Let’s start with the basics. Co-op advertising is when advertisers pay retailers for all or part of the cost of the advertisement. The symbiotic relationship between the retailers and the brands sold within their stores extends to the ads that run aimed at attracting shoppers. The media is typically print, radio or television although some digital media is included. In this way, the media can become far more efficient than if the plan was executed by only one party. This can be a significant benefit to smaller retailers stocking well known products and product-advertisers looking to gain market-share.
More and more, opportunities for co-op advertising comes from unrelated brands. In those cases it’s clear that the benefit of working together comes from the ability to reach a similar or overlapping audience. Special thanks to TrueBlood and Monster.com for the example below.
Benefits to co-op advertising can include:
- A more efficient and farther-reaching media plan at a less expensive budget.
- Extending your media plan into mediums you may not have previously considered.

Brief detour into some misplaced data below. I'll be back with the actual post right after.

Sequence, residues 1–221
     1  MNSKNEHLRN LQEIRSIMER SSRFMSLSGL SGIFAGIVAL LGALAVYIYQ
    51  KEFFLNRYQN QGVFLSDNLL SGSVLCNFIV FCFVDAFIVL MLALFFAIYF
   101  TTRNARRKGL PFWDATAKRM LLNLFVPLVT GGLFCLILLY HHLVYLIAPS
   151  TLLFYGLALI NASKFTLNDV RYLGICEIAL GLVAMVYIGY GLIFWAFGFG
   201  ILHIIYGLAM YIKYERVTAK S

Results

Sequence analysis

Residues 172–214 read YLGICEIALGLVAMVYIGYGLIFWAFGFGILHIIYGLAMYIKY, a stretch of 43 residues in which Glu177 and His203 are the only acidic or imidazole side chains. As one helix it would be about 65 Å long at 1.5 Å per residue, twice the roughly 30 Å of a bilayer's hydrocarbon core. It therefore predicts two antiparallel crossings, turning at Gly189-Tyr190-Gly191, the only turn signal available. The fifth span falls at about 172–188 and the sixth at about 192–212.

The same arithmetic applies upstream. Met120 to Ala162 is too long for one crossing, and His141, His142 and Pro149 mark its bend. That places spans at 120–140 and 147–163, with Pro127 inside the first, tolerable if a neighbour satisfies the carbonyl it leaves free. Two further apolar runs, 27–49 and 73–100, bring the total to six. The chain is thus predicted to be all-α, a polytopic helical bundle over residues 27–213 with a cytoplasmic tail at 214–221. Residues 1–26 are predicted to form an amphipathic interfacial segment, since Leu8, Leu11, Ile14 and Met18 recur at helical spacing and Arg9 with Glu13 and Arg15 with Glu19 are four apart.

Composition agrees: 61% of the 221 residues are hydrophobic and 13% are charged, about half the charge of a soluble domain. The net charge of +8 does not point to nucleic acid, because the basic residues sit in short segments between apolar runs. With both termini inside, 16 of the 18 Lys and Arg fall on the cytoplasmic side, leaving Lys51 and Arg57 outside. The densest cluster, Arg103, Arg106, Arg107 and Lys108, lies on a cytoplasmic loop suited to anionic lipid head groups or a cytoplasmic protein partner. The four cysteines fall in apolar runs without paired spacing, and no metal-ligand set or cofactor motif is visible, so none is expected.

- Higher quality advertising (should you not be able to afford an agency or high quality independent designers).
- Brand association that goals along with your brand/product showing up with another.
With careful planning, timing that may coincide with larger efforts (e.g. sales, rebates, launches, etc.) co-op advertising can be a viable addition to a media plan.
There are however, a number of pitfalls that novice marketers should be careful to avoid.
- Be sure that you know exactly where your brand will be used, that you have a way of ensuring you’re receiving the exposure you’re paying to receive and that you have the ability to review the ad before it runs.
- Don’t pay to run in circulars that have no readership.
- Don’t pay to run on websites that don’t make sense. Advertising on shopping mall websites has limited value because those websites don’t receive as much traffic as you’d expect.